It is the late 1980s. The Star Wars trilogy, as people know it, has successfully concluded. You are George Lucas. Computer graphics have not yet risen to a point where you can finally achieve your dream of having Han Solo step on Jabba The Hutt’s tail for comedic effect, as you originally envisioned occurring in A New Hope. Hayden Christensen is merely a sour-faced boy, not a sour-faced young man. You get a call from Panasonic asking if you will appear alongside your most iconic characters in a series of advertisements. What do you do? You tell them shit yes, as long as they only appear in Japan.
The result is this series of spots for camcorders, huge television sets, and, um, the idea of the future. Some are better than others; all feature the ever-charismatic Lucas drolly intoning sentences like, “Right now, I’m surprised and entertained,” in a voice that would heavily suggest otherwise. The whole gang shows up: Chewbacca, Yoda, Jawas, Stormtroopers, Imperial guards, Darth Vader, and pretty much anyone that didn’t require an actual original actor to be present. Some of the clips trade on the idea of Lucas as a sci-fi genius; others, as a film director; others are a little harder to pin down.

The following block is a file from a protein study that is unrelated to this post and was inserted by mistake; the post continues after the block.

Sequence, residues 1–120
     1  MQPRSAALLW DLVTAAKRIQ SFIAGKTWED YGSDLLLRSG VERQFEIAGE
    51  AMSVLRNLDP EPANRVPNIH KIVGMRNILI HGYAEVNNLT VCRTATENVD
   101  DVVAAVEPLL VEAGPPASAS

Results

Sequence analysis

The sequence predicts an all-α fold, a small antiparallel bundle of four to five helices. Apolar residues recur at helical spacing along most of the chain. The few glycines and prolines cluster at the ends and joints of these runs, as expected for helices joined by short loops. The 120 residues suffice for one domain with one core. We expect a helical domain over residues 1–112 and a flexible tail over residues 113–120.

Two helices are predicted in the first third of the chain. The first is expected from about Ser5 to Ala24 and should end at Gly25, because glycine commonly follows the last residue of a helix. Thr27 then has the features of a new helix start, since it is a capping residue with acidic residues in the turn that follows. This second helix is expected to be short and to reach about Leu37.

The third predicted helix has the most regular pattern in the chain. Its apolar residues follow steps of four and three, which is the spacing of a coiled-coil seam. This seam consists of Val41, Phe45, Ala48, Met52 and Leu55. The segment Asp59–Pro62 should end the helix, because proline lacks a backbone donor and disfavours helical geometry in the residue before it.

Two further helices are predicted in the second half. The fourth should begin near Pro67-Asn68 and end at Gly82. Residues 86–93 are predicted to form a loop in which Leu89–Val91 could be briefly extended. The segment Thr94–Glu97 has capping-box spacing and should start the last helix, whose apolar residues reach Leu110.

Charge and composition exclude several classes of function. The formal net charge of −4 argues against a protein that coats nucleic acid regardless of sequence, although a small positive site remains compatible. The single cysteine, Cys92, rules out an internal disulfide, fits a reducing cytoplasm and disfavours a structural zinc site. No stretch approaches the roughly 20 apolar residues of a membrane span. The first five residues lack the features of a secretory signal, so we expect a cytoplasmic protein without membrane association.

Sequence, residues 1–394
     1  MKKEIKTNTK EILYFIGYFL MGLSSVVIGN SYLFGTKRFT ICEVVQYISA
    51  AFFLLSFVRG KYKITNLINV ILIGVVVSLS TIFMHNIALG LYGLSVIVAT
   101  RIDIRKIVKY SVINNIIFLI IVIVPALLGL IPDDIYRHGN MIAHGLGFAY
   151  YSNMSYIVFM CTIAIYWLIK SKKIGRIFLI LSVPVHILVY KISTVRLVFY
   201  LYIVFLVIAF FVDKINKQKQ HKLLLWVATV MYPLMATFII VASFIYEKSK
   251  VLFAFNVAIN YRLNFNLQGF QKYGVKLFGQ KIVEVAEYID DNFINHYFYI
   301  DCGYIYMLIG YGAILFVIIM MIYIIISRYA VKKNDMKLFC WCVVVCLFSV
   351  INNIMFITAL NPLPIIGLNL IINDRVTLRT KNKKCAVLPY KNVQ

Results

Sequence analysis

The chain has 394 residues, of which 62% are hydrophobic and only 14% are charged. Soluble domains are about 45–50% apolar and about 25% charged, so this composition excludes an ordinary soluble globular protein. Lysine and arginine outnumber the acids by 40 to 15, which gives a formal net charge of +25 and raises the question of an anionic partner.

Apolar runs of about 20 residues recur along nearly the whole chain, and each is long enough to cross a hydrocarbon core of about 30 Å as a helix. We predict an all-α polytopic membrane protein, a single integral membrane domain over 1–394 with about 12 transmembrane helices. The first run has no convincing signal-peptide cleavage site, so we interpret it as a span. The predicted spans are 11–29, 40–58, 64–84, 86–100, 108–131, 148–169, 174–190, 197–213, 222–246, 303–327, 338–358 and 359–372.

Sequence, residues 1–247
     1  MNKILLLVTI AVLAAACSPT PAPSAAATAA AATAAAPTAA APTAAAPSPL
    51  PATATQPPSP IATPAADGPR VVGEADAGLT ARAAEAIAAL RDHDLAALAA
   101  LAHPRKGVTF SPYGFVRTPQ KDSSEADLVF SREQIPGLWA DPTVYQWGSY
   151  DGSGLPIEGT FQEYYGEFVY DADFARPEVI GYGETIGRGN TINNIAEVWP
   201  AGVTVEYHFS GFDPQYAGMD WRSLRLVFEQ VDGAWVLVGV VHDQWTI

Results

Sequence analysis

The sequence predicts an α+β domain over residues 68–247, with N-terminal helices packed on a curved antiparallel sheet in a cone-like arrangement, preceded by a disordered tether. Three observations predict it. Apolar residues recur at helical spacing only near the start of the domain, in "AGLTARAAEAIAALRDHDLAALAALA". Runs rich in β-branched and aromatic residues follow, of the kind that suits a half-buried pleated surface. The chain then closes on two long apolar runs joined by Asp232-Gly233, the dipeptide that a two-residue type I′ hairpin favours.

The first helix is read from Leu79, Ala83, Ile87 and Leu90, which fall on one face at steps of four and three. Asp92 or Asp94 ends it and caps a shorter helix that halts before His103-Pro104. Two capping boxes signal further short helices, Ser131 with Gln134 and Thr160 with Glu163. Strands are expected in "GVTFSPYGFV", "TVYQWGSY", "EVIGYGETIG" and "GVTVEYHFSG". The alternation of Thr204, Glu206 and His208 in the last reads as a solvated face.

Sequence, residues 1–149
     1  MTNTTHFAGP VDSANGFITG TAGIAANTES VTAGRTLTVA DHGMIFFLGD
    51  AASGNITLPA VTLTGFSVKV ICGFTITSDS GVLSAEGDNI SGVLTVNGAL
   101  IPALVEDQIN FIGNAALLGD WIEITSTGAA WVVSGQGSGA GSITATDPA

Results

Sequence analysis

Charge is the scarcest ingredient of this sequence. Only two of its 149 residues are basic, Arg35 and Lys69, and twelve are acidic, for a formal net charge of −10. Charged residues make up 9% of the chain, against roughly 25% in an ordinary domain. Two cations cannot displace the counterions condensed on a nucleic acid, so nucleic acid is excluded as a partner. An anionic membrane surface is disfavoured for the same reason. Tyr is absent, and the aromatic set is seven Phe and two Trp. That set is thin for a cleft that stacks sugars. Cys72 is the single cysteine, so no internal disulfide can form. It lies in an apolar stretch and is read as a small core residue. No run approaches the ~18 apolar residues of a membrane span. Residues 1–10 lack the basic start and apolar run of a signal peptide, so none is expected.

It’s a toss-up for the best between two: one in which Lucas frolics through a golden field alongside Jawas and clapping Stormtroopers, and another in which R2-D2 falls in love (?) with a shitty knockoff robot that Lucas calls “Sparky.” No matter what, though, both are better than what Lucas went on to do in the ensuing decade and a half.